Ultimately Katrina really served as inspiration — it inspired people to help one another and pull together, and it inspired artists to be more creative. But there are still problems: The overall poverty rate was 19 percent in 2013 with child poverty at 41 percent; some 36 percent of renters pay more than 50 percent of their income for rent versus 24 percent in 2004; and income disparity between blacks and whites was 14 percent higher than the national average. 1) Angel investing.

Venture-capital investing has surged to $32 per capita last year versus $16 in 2010. “It’s not at the same level as Silicon Valley or Austin, but capital is flowing,” says Benjamin Karp, an angel investor and executive at a medical device company in New Orleans. “I’ve found many entrepreneurs with viable products. Their diligence and courage — at one point, staffers braved the post-storm chaos to distribute copies of the paper — earned the Picayune the city’s enduring gratitude and two Pulitzer Prizes, including one for public service. The talent and entrepreneurial spirit are here, but we need those outside New Orleans to invest here to establish the city as a more significant entrepreneurial hub.” Founded in 2007, Receivables Exchange is a successful New Orleans-based start-up that operates a marketplace in which corporations and investors trade account receivables. Therefore, criminals knew what was going on.” Families hit by Katrina were eligible for up to $26,200 in financial aid, including $2,000 in emergency cash and about $790 a month for temporary housing.

T-P employees proudly wore T-shirts reading, “We Publish Come Hell and High Water,” And so Advance’s announcement of a print cutback and “digital-first” approach in October 2012 was particularly stinging. There used to be a lot of wild turkeys out there before all the development.” On some of the original Turkey Creek land now sits a Walmart, a shopping strip and an airport. Advance, based in New York, said it wasn’t selling. “It was like a death,” says Anne Milling, 75, a longtime philanthropist and civic leader who helped organize opponents of Advance’s plan. “Everyone here depended on the T-P. FEMA, which took a public beating for its gross mismanagement of the situation, approved cash and housing assistance to more than 1,000 prisoners who had worked the system.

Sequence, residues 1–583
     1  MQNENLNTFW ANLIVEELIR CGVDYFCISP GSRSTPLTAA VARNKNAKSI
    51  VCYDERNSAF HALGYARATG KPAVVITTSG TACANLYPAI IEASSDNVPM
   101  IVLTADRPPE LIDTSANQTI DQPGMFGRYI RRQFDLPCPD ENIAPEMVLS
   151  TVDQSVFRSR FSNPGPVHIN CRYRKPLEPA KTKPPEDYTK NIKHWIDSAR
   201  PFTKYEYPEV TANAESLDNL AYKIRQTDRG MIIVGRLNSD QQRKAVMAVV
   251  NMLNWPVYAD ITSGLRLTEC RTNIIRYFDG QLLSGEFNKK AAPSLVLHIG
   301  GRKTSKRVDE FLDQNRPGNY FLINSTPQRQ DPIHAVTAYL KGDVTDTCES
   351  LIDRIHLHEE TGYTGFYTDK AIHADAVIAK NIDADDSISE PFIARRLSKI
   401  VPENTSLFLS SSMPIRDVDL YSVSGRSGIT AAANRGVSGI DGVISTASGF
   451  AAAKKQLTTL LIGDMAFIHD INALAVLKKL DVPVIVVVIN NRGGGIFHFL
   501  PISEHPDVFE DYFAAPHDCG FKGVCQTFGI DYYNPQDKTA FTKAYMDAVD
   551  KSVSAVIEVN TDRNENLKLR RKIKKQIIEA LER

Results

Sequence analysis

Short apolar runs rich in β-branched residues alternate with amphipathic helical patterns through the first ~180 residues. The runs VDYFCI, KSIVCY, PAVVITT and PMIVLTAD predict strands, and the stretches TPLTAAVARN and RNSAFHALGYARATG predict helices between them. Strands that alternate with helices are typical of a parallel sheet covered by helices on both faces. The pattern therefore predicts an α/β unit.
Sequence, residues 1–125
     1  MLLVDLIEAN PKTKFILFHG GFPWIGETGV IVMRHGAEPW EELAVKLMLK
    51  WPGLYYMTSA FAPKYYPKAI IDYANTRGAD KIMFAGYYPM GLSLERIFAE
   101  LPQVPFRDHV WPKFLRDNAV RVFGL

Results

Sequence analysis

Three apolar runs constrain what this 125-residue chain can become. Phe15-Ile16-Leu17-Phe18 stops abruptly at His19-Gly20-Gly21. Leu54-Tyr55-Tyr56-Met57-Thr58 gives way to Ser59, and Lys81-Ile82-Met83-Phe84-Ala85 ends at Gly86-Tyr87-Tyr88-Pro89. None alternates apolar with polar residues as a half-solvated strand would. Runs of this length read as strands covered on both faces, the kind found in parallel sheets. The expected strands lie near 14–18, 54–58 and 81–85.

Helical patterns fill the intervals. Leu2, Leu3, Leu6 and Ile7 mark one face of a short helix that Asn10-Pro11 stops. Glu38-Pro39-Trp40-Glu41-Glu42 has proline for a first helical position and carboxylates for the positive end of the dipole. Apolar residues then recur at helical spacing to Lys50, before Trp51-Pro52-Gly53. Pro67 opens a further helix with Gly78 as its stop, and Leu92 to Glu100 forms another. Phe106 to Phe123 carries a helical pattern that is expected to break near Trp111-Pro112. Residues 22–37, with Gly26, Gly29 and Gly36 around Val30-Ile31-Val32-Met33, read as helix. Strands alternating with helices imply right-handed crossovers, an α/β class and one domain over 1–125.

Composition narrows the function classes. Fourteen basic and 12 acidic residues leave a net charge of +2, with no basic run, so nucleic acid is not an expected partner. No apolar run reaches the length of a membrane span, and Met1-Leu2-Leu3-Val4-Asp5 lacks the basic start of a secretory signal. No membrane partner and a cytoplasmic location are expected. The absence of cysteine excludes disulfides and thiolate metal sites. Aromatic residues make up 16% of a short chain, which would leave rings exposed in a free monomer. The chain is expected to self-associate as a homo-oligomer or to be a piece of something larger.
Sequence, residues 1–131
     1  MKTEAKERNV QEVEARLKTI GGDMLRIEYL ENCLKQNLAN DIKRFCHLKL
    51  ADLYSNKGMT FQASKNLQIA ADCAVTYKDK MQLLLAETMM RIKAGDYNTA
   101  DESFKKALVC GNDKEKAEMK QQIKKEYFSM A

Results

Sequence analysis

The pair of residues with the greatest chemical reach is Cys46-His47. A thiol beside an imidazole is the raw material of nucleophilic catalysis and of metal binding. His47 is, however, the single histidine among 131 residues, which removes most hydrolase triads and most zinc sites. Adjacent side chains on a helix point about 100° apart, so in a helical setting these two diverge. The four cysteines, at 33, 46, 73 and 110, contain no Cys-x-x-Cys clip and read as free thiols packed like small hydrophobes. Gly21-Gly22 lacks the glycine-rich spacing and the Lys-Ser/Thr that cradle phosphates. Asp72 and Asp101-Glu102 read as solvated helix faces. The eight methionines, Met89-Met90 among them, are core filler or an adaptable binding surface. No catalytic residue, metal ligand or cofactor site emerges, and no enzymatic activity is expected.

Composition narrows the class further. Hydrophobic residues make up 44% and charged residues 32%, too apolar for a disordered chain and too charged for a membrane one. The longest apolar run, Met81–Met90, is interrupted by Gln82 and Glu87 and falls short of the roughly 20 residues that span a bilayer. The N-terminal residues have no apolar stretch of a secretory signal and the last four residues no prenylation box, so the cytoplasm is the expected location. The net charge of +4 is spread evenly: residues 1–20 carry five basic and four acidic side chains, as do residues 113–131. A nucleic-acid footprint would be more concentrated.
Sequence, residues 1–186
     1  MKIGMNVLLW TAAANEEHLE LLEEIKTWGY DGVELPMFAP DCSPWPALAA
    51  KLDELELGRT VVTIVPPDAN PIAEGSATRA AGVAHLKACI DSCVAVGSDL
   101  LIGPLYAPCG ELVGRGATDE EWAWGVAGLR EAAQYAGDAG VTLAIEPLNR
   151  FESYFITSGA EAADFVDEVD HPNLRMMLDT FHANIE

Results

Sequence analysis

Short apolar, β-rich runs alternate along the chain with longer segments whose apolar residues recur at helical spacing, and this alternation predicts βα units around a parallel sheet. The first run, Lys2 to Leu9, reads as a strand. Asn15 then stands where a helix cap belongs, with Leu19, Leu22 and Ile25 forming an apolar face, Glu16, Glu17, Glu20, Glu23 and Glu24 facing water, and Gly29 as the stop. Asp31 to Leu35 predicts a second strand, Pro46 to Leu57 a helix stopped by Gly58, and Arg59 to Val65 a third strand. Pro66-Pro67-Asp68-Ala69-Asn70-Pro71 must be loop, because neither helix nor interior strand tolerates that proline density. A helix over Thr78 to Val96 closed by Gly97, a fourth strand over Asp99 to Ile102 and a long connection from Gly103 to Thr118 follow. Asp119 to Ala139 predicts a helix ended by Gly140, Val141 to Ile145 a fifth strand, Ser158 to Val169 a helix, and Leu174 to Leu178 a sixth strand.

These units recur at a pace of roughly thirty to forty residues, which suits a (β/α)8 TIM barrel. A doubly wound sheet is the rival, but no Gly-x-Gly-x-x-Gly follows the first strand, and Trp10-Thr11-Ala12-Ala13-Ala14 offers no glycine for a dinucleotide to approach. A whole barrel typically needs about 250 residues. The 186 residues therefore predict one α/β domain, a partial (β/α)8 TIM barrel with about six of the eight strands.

Graduate students at Tulane University in 2014 analyzed several public companies in the state including Pool Corporation, a provider of pool supplies, and IberiaBank Corp. Everybody is related to everybody,” Thompson said. “In Turkey Creek, you can leave your doors unlocked because everybody is watching out for everybody. You can walk into anybody’s house and they would ask you if you want something to eat or something to drink or if you need to lie down to take a nap.” The community revolved around Mount Pleasant United Methodist Church, where on the third Sunday of each month, residents would bring food for fellowship.